Response to Larry Mead

Peter Wood

“Culture” in the sense that Lawrence Mead uses it in his essay is a term derived from anthropology. It has roots in the German philosophical tradition associated with Johann Gottfried Herder (1744-1803). Herder emphasized that human communities are founded on shared language and a common spirit that cuts across all social divisions. In Herder’s view, nobles and peasants are equally part of the Völk, the folk, and join in a common allegiance to their land, their language, psychological dispositions, and character. Wrote Herder, “Every nation bears in itself the standard of its perfection, totally independent of all comparison with that of others.” He extended this observation to tribes and “savages.”

Herder had considerable influence over nineteenth century German thought but relatively little effect on the development of theories in France, Britain, and the U.S. The main lines of thought in those countries through the nineteenth century about what we now call cultural difference emphasized technology, social organization, and ideas. Some peoples had plows and draft animals; others had digging sticks; and still others lived on the hazards of what they could hunt or harvest from the wild. Some peoples had parliaments; some tribal chiefs; some just had extended families. Some peoples recognized a single deity; some worshipped a pantheon; some relied on magic spells.

These distinctions could be and were elaborated at great length by nineteenth century sociologists (Herbert Spencer, for example) and anthropologists (for example, Sir Edward Tylor and Lewis Henry Morgan), and proved to be a useful way to organize the ever-growing flood of ethnographic information that flowed in from around the world. The word “culture” appears in the writings of these figures as well, but with a key difference. It was used only in the singular. Humans possess “culture” everywhere, but some have more of it, and those who have more of it also have more sophisticated versions of it. Where Herder saw a multitude of Völk, each with its own distinctive “standard of perfection,” theorists such as Tylor and Morgan saw a single culture unevenly distributed across the globe. They also believed that all peoples were capable of “progress,” and could in time avail themselves of the opportunities to advance.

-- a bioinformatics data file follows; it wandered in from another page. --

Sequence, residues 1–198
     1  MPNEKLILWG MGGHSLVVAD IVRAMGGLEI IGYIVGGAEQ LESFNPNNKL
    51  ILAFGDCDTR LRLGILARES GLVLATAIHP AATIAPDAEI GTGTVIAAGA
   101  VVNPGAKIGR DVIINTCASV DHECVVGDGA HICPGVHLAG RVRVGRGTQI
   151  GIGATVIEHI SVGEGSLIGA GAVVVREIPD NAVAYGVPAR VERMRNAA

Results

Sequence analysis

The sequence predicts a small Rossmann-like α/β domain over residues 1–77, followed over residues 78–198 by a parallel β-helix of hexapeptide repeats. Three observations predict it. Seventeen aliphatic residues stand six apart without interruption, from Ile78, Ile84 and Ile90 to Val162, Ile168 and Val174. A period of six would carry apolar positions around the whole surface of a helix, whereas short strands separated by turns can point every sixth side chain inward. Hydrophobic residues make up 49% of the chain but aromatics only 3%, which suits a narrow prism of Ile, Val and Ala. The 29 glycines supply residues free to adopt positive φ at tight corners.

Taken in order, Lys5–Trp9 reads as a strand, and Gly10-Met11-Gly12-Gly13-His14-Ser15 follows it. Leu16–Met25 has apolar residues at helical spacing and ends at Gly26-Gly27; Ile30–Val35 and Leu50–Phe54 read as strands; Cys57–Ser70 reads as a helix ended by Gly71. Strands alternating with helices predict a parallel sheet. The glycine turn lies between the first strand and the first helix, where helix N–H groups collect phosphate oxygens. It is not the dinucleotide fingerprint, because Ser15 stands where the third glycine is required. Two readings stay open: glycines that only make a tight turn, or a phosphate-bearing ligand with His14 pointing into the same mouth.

These nineteenth century social theorists (Spencer, Tylor, and Morgan are the best known, but there were many others) are today usually described (and dismissed) as “social evolutionists.” That term is misleading in a variety of ways, but mainly in its implications that these theorists focused on biological difference or that they viewed “society” as analogous to “species.” Rather, they concerned themselves mainly with progress. For them, social differences were rightly understood on a scale from simple to advanced—though they disagreed strongly on how to define that scale and what drove progress from one stage to another.

This unitary view of culture in the French and Anglophone traditions met its match in the 1880s when a German ethnologist, Franz Boas, began publishing his reports on the Eskimo in Greenland and the Indians on the northwest coast of America. Boas, steeped in the tradition inaugurated by Herder a century earlier, pluralized “culture,” and he built Herder’s conception of folk differences into a full-fledged theory that emphasized the utterly incommensurate differences among the world’s peoples. The older conception of a unitary “culture” lingered for a few decades as scholars trained in that tradition died off, but Boas’s novel pluralization swept through anthropology with hardly any opposition.

Boas himself trained many dozens of American anthropologists, including Margaret Mead, who evangelized the doctrine of cultural pluralism throughout the Anglophone world. When Mead speaks of “culture,” she is mainly drawing on this thread.

But this concept of culture has long since escaped the world of anthropology journals and ethnographic monographs. It has been absorbed in our mainstream social life as a handy way to point to sharp social discontinuities rooted between groups of people who have different customs, beliefs, and assumptions. And beyond this, it has become a tool for exaggerating those differences and even imagining “cultural” divisions out of thin air. The difference between East Coast and West Coast hip-hop musicians may matter to connoisseurs of rap, but they are not “cultural” unless that word is drained of any real meaning.

How well does Mead deploy it? When he sets it forth to distinguish his account of America’s most prominent internal differences from accounts that emphasize biological race, Mead is perfectly in line with the writings of Franz Boas, who a century ago wrote prolifically in opposition to the concept of race and how America understood race.